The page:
The UK’s most common phobia revealed – and it’s not spiders, needles or the dark

It has been discovered to be the most common phobia in the UK.

Many of us are afraid of something, be it spiders, the dark, or needles.


And a poll by YouGov found that of the ten phobias surveyed, almost a quarter of Brits (23 per cent) say they suffer from a phobia of heights.

According to the Cambridge Dictionary, a phobia is “an extreme fear or dislike of a particular thing or situation, especially one that is intolerable.”

A further 29 percent of those surveyed stated that they were very afraid of heights or rather afraid of heights.

That means more than half of people don’t like being too far off the ground.

The medical term for fear of heights is fear of heights, and it doesn’t have to be a skyscraper to cause panic.

Just climbing a ladder can trigger anxiety in those affected.

The survey found that spiders are the second most common phobia (21 percent), followed by public speaking phobia (15 percent).

A phobia is more than just fear. According to the NHS, it is an exaggerated sense of danger related to a situation or object.

It is therefore a form of anxiety disorder that can cause symptoms such as dizziness, nausea, sweating, increased heart rate, shortness of breath or stomach upset.

Some people can live with their “irrational fears”.

But “when a phobia becomes very severe, a person can organize their life to avoid what frightens them,” says the NHS.

The survey found that women were more likely to suffer from each of the ten phobias listed.

About 57 percent of women admit to being afraid of heights, compared to 46 percent of men.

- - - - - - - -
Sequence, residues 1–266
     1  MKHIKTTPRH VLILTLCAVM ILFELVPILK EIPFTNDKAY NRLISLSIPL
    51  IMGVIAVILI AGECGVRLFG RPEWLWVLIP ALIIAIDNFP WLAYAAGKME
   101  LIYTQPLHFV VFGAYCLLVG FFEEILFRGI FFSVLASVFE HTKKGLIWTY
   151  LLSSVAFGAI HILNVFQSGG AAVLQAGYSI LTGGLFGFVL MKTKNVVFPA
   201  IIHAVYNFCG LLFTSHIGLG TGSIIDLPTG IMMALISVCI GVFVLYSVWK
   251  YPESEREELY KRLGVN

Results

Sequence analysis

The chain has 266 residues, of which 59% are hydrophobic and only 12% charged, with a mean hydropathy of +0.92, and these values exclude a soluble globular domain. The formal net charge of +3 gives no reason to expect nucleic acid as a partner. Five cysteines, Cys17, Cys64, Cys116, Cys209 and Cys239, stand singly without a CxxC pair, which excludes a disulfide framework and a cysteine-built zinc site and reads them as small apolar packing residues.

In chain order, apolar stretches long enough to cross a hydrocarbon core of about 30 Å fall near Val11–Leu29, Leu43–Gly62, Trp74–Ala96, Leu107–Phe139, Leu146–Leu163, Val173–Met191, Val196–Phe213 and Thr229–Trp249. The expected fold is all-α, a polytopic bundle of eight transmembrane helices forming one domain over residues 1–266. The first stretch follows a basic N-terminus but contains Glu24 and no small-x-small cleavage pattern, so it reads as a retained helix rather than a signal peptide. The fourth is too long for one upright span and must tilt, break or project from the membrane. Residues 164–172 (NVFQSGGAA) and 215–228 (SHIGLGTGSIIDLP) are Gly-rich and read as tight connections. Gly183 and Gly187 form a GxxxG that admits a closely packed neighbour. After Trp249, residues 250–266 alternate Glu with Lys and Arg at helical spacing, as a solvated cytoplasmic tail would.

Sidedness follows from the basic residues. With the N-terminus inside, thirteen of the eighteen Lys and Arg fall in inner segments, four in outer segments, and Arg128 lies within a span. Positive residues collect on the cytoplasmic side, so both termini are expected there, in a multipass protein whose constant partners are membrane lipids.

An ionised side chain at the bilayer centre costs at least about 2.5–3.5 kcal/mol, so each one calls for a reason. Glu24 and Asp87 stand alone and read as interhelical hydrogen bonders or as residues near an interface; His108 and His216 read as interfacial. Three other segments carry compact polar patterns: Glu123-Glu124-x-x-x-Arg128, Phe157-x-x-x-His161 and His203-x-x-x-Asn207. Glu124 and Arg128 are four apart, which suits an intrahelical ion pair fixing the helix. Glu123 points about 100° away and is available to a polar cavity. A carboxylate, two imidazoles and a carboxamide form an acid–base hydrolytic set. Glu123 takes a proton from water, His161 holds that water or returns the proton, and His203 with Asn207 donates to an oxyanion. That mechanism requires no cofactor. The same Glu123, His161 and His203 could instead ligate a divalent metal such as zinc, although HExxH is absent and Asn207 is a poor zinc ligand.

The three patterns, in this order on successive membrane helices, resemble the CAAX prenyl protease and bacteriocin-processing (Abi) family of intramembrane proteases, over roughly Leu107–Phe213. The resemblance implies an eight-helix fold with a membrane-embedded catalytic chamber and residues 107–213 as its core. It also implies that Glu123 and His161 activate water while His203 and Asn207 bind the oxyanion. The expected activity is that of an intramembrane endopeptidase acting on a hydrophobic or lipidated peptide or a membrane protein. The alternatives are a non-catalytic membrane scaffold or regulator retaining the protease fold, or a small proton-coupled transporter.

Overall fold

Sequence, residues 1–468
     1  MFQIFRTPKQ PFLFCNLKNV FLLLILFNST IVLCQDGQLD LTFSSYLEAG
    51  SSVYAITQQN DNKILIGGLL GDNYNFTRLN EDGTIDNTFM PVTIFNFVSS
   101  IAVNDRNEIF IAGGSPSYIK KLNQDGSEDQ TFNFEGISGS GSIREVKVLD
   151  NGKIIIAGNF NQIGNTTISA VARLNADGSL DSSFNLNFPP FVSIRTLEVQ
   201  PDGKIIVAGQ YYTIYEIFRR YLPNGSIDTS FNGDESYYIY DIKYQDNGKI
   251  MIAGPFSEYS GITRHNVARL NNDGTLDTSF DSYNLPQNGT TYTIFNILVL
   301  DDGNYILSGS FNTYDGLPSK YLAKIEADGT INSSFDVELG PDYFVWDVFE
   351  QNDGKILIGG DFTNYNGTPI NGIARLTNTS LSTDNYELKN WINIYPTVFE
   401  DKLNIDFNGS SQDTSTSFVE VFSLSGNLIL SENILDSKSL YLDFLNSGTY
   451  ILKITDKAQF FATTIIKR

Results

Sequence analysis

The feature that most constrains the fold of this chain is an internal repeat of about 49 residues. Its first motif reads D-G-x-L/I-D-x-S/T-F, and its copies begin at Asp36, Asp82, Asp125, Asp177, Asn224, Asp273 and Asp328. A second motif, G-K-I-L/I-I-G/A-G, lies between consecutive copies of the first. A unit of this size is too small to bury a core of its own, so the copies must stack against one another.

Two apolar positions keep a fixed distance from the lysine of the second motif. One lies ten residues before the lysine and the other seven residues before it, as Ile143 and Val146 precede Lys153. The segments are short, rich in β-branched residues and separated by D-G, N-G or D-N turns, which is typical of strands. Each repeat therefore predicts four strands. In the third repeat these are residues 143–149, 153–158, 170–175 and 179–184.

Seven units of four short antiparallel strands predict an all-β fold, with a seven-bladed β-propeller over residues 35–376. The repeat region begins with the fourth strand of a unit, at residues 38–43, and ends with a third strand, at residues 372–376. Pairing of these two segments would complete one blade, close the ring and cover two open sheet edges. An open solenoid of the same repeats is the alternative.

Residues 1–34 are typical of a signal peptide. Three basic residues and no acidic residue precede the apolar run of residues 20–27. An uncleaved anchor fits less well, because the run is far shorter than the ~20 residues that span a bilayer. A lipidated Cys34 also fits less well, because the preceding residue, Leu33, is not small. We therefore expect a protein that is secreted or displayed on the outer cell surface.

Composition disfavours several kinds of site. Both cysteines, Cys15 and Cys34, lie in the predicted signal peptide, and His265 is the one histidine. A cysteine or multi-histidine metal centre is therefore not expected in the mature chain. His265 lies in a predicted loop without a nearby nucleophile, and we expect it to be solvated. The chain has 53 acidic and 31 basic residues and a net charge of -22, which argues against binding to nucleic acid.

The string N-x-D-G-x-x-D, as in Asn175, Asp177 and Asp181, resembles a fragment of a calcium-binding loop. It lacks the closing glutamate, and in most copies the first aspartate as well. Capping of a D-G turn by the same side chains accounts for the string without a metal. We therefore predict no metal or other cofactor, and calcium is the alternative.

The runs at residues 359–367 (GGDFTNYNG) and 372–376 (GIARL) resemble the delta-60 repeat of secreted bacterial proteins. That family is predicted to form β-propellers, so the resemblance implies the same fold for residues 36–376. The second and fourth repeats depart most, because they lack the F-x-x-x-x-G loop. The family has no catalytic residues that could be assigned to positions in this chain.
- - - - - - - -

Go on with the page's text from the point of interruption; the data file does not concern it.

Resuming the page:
Almost twice as many women (26 percent) are afraid of spiders as men (15 percent).

Researchers have theorized that women are more afraid of spiders because they are either naturally more afraid of dangerous animals or have learned to fear spiders from their female family members.

Phobias can be acquired by children who watch their siblings or parents react to objects or situations in a panic.

This is one of the main causes of a phobia, along with an incident or traumatic event.


georgina striker, A Hertfordshire-based consultant told The Sun: “Everyone has different fears and phobias and it’s not always easy to pinpoint the exact cause.”

“It could be the result of something you directly experienced or witnessed, or the result of an event you were told about.”

“It could be the result of messages you’ve internalized from other people, like, ‘We’re all scared of spiders in this family, aren’t we?'”

Fear of heights may be linked to a childhood memory of being at height and feeling vulnerable, Georgina says.

She added, “It’s often accompanied by claustrophobia and/or fear of flying.”

“All of this comes with worries and fears of being trapped and getting out of control.”

How is a phobia treated?

Most phobias can be treated if a person is referred by their GP to a specialist experienced in behavioral therapy, such as a psychologist.

Simple phobias are often treated with desensitization, also called exposure therapy.

A person is repeatedly and gradually exposed to the object or situation that frightens him.

For someone tall, this could mean looking at photos of tall buildings and then watching videos of them before completing tasks like walking across a bridge.

More complex phobias require counseling or cognitive behavioral therapy (CBT) to help develop coping strategies for the emergence of negative thought patterns.

Hypnotherapy helps reprogram responses, while more general counseling or therapy explores the root cause.

Everyday coping strategies around breathing, mindfulness, distraction, and visualizations are also useful, Georgina said.

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She added, “I’ve found that the ‘five finger breathing’ technique often works for people.”

“It’s also good to understand the reality of the fear, the facts and the numbers – how likely it is that they could fall or hurt themselves.”

Russell Falcon

Russell Falcon is a USTimesPost U.S. News Reporter based in London. His focus is on U.S. politics and the environment. He has covered climate change extensively, as well as healthcare and crime. Russell Falcon joined USTimesPost in 2023 from the Daily Express and previously worked for Chemist and Druggist and the Jewish Chronicle. He is a graduate of Cambridge University. Languages: English. You can get in touch with me by emailing

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